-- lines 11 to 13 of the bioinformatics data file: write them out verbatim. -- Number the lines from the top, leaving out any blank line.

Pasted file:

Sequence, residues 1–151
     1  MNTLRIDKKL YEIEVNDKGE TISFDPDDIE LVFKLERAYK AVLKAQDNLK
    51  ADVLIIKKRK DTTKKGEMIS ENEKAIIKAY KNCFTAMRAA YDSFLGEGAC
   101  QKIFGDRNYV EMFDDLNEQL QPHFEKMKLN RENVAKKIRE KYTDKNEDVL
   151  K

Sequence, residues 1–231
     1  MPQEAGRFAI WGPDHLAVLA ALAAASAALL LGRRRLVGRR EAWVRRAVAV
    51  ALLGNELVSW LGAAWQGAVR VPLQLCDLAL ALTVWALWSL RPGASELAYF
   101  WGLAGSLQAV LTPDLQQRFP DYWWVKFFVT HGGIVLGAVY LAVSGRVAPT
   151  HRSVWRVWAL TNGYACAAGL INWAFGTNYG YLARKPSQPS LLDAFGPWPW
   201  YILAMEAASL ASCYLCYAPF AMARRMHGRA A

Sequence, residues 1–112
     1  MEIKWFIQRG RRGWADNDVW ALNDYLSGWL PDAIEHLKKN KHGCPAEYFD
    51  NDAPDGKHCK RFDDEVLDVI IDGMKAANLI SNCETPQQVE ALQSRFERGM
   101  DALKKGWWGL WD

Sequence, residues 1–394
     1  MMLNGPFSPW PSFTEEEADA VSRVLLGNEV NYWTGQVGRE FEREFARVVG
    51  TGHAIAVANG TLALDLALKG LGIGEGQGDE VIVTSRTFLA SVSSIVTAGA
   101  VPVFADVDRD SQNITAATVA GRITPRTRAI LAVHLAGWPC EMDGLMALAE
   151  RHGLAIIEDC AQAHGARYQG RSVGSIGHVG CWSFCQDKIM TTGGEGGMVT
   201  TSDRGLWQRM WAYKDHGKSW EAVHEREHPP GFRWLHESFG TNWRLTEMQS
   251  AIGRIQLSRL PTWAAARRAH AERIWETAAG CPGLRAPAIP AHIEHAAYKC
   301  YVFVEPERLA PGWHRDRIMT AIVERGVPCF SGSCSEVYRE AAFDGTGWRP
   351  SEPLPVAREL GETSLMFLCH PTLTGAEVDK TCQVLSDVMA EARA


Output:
   201  YILAMEAASL ASCYLCYAPF AMARRMHGRA A

Sequence, residues 1–112
     1  MEIKWFIQRG RRGWADNDVW ALNDYLSGWL PDAIEHLKKN KHGCPAEYFD